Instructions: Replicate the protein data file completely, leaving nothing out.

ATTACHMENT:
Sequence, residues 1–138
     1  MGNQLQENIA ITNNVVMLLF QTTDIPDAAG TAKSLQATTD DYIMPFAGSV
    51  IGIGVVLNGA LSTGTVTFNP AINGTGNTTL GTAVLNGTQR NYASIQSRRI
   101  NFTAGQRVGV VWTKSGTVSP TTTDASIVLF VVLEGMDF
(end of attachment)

Sequence, residues 1–138
     1  MGNQLQENIA ITNNVVMLLF QTTDIPDAAG TAKSLQATTD DYIMPFAGSV
    51  IGIGVVLNGA LSTGTVTFNP AINGTGNTTL GTAVLNGTQR NYASIQSRRI
   101  NFTAGQRVGV VWTKSGTVSP TTTDASIVLF VVLEGMDF